Sedentary time in people with obstructive airway diseases

Laura Cordova-Rivera, Paul A. Gardiner, Peter G. Gibson, Elisabeth A.H. Winkler, Paola D. Urroz, Vanessa M. McDonald

Research output: Contribution to journalArticlepeer-review

1 Citation (Scopus)


Sedentary time (ST) and light-intensity physical activity (LIPA) are movement behaviours associated with important health outcomes, but are not widely explored in respiratory diseases. We aimed to describe their volume and/or accumulation patterns in moderate-severe COPD, bronchiectasis and severe asthma using the accurate postural-based accelerometer activPAL, contrasting these values with a non-respiratory population. We also sought to test the cross-sectional associations of these behaviours with disease characteristics by diagnostic group, and as a combined label-free disease group. Results: Adults with COPD (n = 64), bronchiectasis (n = 61), severe asthma (n = 27), and controls (n = 61) underwent cross-sectional measurements of volume and/or accumulation patterns of ST and LIPA. The prevalence and characteristics, and associations with exercise capacity, health-status, airflow-limitation, dyspnoea, systemic inflammation and exacerbations were analysed. ST volumes in COPD were higher than that of bronchiectasis and severe asthma. Values in bronchiectasis and severe asthma were similar to each other and controls (≈8.9 h/day). Their accumulation patterns were also significantly better than in COPD, but similar if not worse compared to controls. LIPA volumes in bronchiectasis and severe asthma were also higher than those of COPD (p < 0.05) and controls. In bronchiectasis and COPD, lower levels/better patterns of ST accumulation, as well as higher LIPA volume were associated with better clinical characteristics. These associations may be mediated by airflow limitation. Conclusions: The discordance between engagement in ST volume versus ST patterns highlights the importance of accounting for both these different yet complementary metrics. ST and LIPA are low-intensity activities associated with important clinical characteristics in people with chronic respiratory diseases. Trial registration: Not applicable.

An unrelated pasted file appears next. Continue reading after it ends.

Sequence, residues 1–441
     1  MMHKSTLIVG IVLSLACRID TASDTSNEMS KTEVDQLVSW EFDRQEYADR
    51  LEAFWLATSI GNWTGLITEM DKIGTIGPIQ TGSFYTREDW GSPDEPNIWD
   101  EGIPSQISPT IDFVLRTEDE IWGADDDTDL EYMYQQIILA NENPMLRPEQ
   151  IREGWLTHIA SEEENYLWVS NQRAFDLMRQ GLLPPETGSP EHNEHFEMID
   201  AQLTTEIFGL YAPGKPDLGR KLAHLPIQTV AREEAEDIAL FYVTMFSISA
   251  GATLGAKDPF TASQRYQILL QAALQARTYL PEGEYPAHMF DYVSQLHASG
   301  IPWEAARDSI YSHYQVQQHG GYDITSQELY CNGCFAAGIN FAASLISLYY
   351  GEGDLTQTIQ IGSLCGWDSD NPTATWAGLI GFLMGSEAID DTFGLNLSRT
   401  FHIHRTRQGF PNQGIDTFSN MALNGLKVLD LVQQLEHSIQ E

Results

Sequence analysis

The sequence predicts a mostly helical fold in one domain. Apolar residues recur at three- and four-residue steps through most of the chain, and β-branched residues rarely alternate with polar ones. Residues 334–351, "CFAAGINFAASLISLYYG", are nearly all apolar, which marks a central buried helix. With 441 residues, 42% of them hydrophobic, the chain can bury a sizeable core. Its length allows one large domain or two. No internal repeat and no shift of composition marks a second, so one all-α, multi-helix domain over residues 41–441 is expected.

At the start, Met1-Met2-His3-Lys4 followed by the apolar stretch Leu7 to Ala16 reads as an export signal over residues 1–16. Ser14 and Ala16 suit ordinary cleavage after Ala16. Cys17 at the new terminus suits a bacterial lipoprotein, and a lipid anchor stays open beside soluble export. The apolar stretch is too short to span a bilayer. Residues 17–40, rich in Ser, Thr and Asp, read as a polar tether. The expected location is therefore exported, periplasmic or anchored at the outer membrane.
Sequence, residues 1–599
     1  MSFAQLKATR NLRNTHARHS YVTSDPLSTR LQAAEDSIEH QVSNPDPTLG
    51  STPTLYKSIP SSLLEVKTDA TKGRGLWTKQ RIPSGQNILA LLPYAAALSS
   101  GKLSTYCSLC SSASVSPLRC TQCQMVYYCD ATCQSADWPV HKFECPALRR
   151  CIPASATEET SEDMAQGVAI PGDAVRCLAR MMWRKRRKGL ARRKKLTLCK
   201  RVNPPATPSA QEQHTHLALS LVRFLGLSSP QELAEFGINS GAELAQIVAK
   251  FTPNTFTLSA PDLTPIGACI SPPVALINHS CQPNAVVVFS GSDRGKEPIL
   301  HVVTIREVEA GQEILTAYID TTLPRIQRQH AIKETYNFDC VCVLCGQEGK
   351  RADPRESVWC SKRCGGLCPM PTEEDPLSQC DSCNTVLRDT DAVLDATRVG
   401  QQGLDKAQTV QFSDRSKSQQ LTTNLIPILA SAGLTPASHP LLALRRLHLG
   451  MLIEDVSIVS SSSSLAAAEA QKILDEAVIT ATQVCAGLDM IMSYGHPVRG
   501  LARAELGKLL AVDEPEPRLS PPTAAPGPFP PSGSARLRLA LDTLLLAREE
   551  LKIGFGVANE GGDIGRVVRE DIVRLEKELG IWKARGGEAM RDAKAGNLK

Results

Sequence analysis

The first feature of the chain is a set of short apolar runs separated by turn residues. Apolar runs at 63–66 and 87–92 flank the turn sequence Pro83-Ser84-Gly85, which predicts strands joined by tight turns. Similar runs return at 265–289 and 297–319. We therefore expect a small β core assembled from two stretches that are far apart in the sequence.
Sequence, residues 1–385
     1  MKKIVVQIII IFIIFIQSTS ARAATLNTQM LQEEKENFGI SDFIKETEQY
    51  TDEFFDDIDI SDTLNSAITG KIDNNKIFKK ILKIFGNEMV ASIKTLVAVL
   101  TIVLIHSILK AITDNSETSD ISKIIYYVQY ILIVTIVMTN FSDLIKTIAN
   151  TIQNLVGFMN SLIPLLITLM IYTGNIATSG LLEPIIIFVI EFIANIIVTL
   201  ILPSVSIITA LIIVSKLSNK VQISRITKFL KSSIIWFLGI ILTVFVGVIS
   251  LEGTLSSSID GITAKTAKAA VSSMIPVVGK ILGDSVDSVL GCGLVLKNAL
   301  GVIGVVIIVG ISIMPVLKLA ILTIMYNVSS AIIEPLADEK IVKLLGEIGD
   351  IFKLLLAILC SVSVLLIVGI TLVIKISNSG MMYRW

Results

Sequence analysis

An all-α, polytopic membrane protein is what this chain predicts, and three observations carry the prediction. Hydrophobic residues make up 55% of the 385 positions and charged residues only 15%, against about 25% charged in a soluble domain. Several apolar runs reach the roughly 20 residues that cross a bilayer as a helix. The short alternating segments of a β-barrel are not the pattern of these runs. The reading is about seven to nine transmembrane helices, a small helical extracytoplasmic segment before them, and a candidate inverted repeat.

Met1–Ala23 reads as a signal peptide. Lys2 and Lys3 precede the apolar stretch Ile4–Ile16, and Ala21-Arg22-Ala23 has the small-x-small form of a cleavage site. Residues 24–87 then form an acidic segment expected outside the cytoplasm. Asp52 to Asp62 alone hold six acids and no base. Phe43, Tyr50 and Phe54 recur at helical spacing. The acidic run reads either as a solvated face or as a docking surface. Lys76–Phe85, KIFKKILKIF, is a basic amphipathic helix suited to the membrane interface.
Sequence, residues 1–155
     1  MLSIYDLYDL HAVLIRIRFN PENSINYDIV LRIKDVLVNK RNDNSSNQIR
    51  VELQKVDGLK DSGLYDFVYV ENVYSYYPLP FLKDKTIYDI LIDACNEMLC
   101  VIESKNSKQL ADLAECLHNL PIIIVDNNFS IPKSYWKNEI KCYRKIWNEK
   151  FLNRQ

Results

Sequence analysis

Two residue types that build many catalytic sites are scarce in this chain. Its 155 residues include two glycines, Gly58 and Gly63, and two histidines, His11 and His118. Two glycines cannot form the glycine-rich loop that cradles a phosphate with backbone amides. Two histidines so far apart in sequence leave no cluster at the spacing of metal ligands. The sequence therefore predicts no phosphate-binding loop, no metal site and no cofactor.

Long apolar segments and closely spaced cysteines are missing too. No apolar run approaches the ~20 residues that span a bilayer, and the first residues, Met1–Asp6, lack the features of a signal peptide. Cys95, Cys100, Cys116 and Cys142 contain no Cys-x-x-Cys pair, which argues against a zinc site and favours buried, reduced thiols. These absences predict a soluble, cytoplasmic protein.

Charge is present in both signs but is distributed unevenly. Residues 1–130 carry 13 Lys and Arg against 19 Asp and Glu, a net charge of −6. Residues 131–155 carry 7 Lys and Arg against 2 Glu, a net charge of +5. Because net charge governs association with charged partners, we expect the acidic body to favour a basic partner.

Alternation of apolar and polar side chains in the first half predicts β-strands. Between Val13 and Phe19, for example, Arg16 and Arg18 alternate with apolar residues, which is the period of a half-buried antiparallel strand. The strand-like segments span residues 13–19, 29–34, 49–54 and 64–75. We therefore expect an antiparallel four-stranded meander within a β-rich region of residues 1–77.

Original languageEnglish
Article number106367
JournalRespiratory Medicine
Early online date5 Apr 2021
Publication statusPublished - 1 May 2021

Bibliographical note

Funding Information:
Dr. PG Gibson reports personal fees from AstraZeneca , GlaxoSmithKline , Novartis , grants from AstraZeneca , GlaxoSmithKline , outside the submitted work.

Funding Information:
Adults (?18yrs; no-exacerbation 4-weeks pre-assessment) with physician-diagnosed moderate-severe COPD [15], severe asthma [16], bronchiectasis [17] and non-respiratory controls were recruited for a cross-sectional study via the research databases of the Hunter Medical Research Institute and the Department of Respiratory Medicine, John Hunter Hospital (Newcastle, Australia). The Human Research Ethics Committee of the Hunter New England Local Health District granted Ethics approval. Participants provided informed written consent.Dr. PG Gibson reports personal fees from AstraZeneca, GlaxoSmithKline, Novartis, grants from AstraZeneca, GlaxoSmithKline, outside the submitted work.Dr. VM McDonald reports grants and personal fees from GlaxoSmithKline, grants and personal fees from AstraZeneca, personal fees from Menarini, outside the submitted work.This research was supported by a University of Newcastle and Priority Research Centre for Healthy Lungs postgraduate scholarship; a John Hunter Hospital Charitable Trust Grant and the Hunter Medical Research Institute, Australia.

Publisher Copyright:
© 2021 Elsevier Ltd


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